After a teaser at the end of Darker last year which contained a whole lotta wedding footage I expected we’d at least be getting some wedding drama. I mean, whole plot points of that film revolve around two of Christian’s exes each with different scores to settle. I thought there’d at least be someone standing up at the ceremony with an outlandish objection. Maybe some last minute nerves, maybe we’d just get some nice fucking in a white dress. Apparently not, the ceremony is over before even the opening titles end. The rest of the film is sweeping up the loose ends.
It’s a real grab bag of loose ends too. The abusive editor who was swiftly dealt with in the last instalment returns with a vengeance and conveniently apposite backstory. Ana is still keeping up her job as fiction editor at Seattle Indepenent Publising and is finding it hard to balance the commitments of work and married life. She also finds herself to be pregnant, and despite the fact that both these sane adults agree that they are neither sufficiently prepared to be parents, the baby gotta stay, no question.
Those three plots strum through the whole picture, neither quite fits into the other. They brush up against each other uncomfortably, not content to be parallel, they interrupt each other each muscling to own the picture. In addition to them, there’s time dedicated to the renovation of a new country house, a resolution to the tumultuous love life of Christian’s brother Elliot; distractions that serve no dramatic purpose other than to whisk us to some new and expensive looking location for a short while. There’s so little sense in the way events progress that I struggle to put the film into order in my memory.
Might all be more forgivable if the sex were good. It isn’t really, there’s far less of it than before and even the voyeuristic joy of it all has more or less vanished from the equation. The film knows by this point the fantasy that it selling, and it ain’t the dream of a liberated, kinky sex life to be enjoyed with an attentive and enthusiastic partner. It’s about having a lot of fucking hard cash. The thought of being able to cash a check for five million dollars gets me way more wet than whatever fun sexual escapades they be having.
The franchise is not about people anymore. It’s about a penthouse apartment, a garage filled with expensive automobiles, a full time security detail and private planes ready to take you anywhere you wanna go. There ain’t a single time when this couple, committed to having a child together, sit down and talk about themselves. They don’t bitch about work or laugh about friends. They don’t touch each other. It feels inhuman in a way, these figures unable to interact outside the confines of materiality unless acted upon.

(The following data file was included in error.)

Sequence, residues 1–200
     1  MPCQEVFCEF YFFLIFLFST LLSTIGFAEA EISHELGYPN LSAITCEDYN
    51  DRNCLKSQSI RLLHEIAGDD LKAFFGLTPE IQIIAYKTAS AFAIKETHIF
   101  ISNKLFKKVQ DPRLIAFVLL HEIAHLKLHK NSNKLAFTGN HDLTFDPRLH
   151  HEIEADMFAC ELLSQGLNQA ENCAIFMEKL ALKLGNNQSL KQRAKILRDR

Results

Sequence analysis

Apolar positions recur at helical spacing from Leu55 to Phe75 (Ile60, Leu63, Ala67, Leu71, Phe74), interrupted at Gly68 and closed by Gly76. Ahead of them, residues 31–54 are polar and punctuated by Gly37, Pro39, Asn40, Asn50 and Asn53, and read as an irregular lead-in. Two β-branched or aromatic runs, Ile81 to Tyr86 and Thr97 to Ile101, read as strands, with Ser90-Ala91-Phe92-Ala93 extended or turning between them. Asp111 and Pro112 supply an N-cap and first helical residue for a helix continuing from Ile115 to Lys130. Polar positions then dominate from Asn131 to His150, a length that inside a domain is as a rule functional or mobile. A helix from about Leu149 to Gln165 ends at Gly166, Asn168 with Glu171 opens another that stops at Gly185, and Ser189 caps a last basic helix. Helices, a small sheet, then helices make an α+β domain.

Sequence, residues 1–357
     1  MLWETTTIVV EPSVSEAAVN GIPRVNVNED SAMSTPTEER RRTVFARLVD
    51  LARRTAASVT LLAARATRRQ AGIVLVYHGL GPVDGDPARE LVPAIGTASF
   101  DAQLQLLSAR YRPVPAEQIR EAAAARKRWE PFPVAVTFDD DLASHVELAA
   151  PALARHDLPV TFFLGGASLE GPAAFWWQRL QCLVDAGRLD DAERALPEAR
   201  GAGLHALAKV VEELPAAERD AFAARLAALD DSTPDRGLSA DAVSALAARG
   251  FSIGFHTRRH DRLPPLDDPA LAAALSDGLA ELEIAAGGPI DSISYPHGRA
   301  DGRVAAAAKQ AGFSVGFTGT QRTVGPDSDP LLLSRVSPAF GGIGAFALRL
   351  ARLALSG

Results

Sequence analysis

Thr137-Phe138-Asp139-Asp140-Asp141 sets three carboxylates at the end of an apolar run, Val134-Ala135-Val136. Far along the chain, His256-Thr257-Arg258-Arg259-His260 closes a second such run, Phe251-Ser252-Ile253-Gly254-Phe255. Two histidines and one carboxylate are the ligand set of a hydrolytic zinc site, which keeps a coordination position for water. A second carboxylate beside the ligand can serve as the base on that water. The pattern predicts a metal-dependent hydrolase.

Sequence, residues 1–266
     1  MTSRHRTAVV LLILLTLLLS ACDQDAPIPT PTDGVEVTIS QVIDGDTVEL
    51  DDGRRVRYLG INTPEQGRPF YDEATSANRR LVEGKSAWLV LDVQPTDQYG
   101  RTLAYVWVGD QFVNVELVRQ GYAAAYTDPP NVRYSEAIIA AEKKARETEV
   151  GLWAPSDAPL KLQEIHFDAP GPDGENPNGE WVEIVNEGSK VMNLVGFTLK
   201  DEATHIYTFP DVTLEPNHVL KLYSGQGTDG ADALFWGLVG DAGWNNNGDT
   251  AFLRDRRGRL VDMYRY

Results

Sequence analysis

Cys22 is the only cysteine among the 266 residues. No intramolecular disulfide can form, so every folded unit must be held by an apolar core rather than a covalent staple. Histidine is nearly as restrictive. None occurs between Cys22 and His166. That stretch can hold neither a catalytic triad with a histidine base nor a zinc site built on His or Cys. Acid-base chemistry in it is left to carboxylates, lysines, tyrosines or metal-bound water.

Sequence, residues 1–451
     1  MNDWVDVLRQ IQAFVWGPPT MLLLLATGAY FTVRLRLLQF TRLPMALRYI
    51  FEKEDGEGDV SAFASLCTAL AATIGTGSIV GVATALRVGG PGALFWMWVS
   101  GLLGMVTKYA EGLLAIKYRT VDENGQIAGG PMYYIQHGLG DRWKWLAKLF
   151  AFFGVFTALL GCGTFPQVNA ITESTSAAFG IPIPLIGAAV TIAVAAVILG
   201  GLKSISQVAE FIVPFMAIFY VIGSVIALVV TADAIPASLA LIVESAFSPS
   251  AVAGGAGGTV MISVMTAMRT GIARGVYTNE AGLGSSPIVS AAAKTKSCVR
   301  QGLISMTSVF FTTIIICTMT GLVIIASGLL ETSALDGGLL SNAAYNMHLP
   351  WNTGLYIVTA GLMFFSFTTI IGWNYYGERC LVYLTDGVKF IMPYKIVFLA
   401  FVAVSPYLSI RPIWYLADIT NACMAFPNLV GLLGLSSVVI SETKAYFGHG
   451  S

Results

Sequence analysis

Is that satire? Like Newton’s laws of motion, painting the privileged and the wealthy elite as characters incompatible with life. Who aren’t functional anymore, whose steadfast commitment to the status quo that enriched them leaves them bereft of purpose and meaning. So static, marvelling at the gravitational effect that they can have on the regular people trapped in their orbit.
If it is, it doesn’t feel intentional. They still want us to look up to these people, still want us to envy and admire them. You can’t though, the super-rich aren’t humans, and not even Dakota Johnson’s knowing irony (or whatever guileless charisma void Jamie Dornan is doing) is enough to sufficiently convince us otherwise.
So instead we have an uninteresting stalker who is either a slick villainous mastermind or a complete incompetent based on the needs of the moment. Tension at a publishing house that can be abandoned at lunchtime if you’ve anything better to do, at which the lone business decision our hero makes is to command her staff to increase a font size. And an unexpected foetus that might serve some sorta problem if you didn’t already have a fulltime serving staff. Y’all can understand why this plumbs the depths of narrative dissatisfaction.
Know what else is unsatisfying? We go a whole fucking film and never see a single dick. The sex scenes (not good, but certainly elaborate and shot with a good deal of care) become a farce as the camera sways down to the waistline and bounces back up as if even the slightest hint of bulge might be too much for the more sensitive among us. Either that or Christian be wearing his patented pair of sex jeans which do a fair job in themselves in undercutting any ardour you may be experiencing.
To make up for the three plots, the film has two endings. The first is borderline incomprehensible, addressing a facet of Christian’s past that went unremarked upon the whole joint, trying to reassure us of the humanity it is clear he does not possess. The second would be really good in a good film, a film that was leading to it, a film which explored sex and power in an adult manner.
This film has dishonesty in its bones. It feels like it is lying to you, placating you, trying to make everything feel okay. Propaganda for a world where pleasure can be wielded as power and unremarked upon. Passion can be political, the legislation of our pleasure is an often unremarked upon abrogation of our ability to live in this world. Especially if you ain’t a cithet white dude. This could have been about something, that it isn’t is deliberate.
Fifty Shades Freed is currently screening in UK cinemas.